Therefore, let me conclude this first Blog entry by saying that traditional signature based antivirus is still a critical element of desktop security.  Nobody should be without.  At the same time, it is not enough.  Additional technologies are required to provide complete protection, either based on behavioral approaches such as Symantec’s SONAR or whitelisting capabitility as exists in Symantec’s Sygate Enterprise Protection and Symantec Critical System Protection.  In future Blogs, I will tie this back to Hamlet in how we are focused on redefining what enterprise antivirus is all about.  I will also talk about Microsoft’s entry into the commercial endpoint security market (hint: they are only bringing out signature based solutions, not very timely. ;)  That is all for now.  Until next time.
 
Regards,
Brian Foster

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el cuadro de los ipsecevangelist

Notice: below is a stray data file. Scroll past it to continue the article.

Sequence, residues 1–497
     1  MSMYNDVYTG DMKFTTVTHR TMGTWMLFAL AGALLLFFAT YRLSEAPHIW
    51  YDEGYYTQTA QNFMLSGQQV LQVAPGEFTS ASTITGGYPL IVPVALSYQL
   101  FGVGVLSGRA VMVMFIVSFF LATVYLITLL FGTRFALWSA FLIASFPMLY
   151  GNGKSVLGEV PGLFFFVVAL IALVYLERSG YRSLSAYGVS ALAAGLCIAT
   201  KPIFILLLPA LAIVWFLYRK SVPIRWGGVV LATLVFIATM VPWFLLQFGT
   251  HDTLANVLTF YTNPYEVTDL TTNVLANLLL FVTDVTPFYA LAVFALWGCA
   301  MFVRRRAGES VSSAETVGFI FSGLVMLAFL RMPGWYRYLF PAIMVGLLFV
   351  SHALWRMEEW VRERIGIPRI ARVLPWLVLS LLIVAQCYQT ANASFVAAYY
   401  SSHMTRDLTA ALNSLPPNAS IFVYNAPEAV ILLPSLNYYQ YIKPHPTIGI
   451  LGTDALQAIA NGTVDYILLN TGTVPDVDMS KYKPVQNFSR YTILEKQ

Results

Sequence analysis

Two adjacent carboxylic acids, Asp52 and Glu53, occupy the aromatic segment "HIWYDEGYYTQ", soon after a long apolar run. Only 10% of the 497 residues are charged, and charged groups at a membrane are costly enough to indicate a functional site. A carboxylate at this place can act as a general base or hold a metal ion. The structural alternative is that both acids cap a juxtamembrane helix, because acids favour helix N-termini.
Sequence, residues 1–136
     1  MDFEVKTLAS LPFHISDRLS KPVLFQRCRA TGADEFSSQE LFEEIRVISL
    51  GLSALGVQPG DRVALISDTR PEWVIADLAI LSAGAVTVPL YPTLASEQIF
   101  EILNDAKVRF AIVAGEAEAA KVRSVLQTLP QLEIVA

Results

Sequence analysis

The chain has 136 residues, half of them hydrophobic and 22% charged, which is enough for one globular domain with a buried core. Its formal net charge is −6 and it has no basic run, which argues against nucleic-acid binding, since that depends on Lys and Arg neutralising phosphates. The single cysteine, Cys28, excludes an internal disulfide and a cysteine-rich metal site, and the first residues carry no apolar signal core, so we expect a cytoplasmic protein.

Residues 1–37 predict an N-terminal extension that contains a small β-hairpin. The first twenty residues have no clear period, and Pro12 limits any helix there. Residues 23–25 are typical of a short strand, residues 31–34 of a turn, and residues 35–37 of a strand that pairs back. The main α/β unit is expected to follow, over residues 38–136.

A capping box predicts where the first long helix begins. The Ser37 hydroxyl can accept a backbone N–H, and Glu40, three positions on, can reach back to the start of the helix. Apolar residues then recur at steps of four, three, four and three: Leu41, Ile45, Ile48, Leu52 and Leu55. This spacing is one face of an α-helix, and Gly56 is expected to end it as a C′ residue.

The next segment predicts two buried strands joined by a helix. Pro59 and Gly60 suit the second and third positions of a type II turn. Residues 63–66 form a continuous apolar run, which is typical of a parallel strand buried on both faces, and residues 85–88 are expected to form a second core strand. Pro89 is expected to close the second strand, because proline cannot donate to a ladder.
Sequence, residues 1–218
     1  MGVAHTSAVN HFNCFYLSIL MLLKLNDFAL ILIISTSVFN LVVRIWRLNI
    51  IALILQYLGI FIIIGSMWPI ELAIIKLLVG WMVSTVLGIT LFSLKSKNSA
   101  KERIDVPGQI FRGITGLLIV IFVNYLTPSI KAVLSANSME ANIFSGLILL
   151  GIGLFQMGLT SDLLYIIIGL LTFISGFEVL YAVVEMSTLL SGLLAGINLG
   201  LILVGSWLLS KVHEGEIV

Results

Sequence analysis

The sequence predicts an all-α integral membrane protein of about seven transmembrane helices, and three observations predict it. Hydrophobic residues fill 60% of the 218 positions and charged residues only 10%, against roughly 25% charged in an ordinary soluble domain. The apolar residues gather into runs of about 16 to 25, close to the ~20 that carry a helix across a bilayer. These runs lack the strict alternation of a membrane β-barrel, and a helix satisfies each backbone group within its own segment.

This is an extremely controversial topic. Especially when we look at what the other AV vendors are offering/integrating with their technologies. Take McAfee for example; they realized (as did Symantec) the traditional AV practice of protection based on signatures wasn't going to be enough. We have all known this for a long time...thus the heuristic technologies were introduced over ten years ago to detect new variants. I understand the heuristic detection was still done using pattern matching (i.e. signatures) but it was still a step in the right direction.

Getting back to my point, McAfee integrated spyware detection and so did just about everyone else. They then went a step beyond and integrated buffer overflow protection (even though it was only a subset of the full product) which not just raised the bar for AV protection but set a new standard which now included true zero-day protection. I was hoping for Symantec as well as the other AV vendors to step up and do the same but for over two years nobody came through. Last year we saw some improvements but they were small and not highlighted. They were mentioned almost as after thoughts instead of key new advantages.